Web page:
This is why stopping codependent behavior is so important. It can damage a relationship to the point where, even after you get the help you need, it may be too late to fully repair it. Relationships are built on years of trust, and that trust can be broken when one party repeatedly takes advantage of the other and signals that their needs come first no matter what.
How to Set Boundaries So You Don’t Abuse Your Friendships
To overcome codependency, you need to have enough respect for your significant other, family member or friend to understand that just because they care for you and are willing to sacrifice their own needs for yours, it doesn’t mean you should force them to. This is important, because codependency hinges on one party’s willingness to take advantage of another because they know it’s an option.
This is easier said than done, however. Often, the person in a codependent relationship who continually relies on the other’s approval for their self-worth makes this behavior a pattern. If it persists, it becomes increasingly familiar until it’s all they know.
If You’re in a Codependent Relationship, What Do You Do?
It’s not easy to recognize and remedy a toxic situation. Here are some tips to help you learn how to end codependency in an addiction-affected relationship:
- Recognize when you’re taking advantage of the other person and stop. It’s likely your friend or loved one will continue to lend you money or bail you out of trouble or support your addiction, either directly or indirectly. This is a mark of a codependent relationship, and it’s your responsibility to end it. If you truly care about the other person, you’ll stop putting them in that position.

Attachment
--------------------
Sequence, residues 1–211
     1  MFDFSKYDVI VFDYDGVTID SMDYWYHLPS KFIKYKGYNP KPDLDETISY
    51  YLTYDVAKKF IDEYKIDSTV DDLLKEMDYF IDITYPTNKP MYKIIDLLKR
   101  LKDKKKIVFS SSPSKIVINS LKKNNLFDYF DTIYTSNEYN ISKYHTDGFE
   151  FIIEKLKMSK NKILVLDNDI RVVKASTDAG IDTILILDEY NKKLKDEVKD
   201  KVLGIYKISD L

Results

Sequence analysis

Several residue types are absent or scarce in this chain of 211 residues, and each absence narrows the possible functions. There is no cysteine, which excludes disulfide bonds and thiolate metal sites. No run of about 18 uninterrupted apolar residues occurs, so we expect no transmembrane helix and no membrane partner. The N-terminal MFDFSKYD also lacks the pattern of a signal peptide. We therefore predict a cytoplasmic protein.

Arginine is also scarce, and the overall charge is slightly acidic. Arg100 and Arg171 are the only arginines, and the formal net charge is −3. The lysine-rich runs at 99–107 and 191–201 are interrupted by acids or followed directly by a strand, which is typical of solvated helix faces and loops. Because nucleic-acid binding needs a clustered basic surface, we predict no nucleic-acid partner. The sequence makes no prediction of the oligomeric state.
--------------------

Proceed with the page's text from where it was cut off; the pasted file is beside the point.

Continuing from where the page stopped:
- Stop using your loved one as an unwilling therapist. Another mark of a codependent friend, family member or significant other is the willingness to absorb the stress and negative emotions you project on them as a result of your struggles with controlling your drug and alcohol abuse.
- Put some distance between you and get the help you need. Often, codependency won’t end until both parties get help. For your codependent partner, this means seeking therapy to understand their behavior and reclaim their independence. For you, it may mean finding an addiction treatment program that allows you to get clean and reorder your priorities in life and in your relationships.
How to Overcome Codependency With FHE Health
Solving codependency in a relationship can be difficult, but cutting out the source of the issue can make it easier. This means that when you’re actively addicted to drugs or alcohol, you need help.
If you’re in active addiction or hurting your relationships, therapy can help you organize and resolve your codependency. However, the only true resolution is to enter an addiction treatment program and make a larger change in the way you’re living your life. To learn more, contact FHE Health today.